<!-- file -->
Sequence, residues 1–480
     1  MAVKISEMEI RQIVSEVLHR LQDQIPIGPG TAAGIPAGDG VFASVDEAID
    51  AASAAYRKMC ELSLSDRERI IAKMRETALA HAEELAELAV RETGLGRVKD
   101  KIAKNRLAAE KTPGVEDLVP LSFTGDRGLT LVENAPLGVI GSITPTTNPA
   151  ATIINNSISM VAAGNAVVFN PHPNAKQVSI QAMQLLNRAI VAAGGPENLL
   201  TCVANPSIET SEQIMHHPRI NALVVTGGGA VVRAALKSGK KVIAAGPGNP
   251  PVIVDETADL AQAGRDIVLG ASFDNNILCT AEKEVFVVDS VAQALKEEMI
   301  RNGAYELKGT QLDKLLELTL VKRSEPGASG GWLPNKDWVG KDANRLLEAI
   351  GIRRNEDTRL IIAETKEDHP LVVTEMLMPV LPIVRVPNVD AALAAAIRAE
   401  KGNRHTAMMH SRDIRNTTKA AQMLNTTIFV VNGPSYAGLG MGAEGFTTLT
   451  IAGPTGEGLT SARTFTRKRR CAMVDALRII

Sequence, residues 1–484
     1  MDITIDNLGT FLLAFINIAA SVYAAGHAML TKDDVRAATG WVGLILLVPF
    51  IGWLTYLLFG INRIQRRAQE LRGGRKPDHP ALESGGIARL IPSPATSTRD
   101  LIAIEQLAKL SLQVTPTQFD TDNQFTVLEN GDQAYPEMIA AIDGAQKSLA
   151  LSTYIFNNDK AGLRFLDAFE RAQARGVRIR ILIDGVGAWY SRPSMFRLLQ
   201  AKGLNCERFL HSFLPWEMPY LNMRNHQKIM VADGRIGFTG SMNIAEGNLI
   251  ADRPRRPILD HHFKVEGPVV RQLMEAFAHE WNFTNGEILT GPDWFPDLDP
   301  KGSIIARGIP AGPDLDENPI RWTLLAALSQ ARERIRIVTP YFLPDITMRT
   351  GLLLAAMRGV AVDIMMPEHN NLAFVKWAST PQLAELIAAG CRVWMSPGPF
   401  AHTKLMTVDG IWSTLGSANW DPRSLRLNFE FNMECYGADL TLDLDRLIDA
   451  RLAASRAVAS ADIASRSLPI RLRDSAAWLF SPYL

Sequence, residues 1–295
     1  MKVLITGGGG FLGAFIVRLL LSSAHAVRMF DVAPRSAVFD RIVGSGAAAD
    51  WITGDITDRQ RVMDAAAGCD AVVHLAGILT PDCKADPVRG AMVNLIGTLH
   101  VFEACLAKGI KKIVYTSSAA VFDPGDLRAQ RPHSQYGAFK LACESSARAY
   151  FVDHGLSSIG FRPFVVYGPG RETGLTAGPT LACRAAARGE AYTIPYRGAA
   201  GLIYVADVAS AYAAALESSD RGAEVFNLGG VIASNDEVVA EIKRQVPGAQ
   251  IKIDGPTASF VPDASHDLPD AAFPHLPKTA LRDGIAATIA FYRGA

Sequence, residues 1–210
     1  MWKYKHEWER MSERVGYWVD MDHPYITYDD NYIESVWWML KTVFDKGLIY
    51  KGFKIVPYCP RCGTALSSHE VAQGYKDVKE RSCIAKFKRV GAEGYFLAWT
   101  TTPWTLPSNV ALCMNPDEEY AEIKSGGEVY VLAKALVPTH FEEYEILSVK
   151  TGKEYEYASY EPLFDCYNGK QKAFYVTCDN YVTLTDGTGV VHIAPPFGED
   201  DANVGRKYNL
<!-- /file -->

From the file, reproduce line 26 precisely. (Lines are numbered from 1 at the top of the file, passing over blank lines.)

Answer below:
   101  VFEACLAKGI KKIVYTSSAA VFDPGDLRAQ RPHSQYGAFK LACESSARAY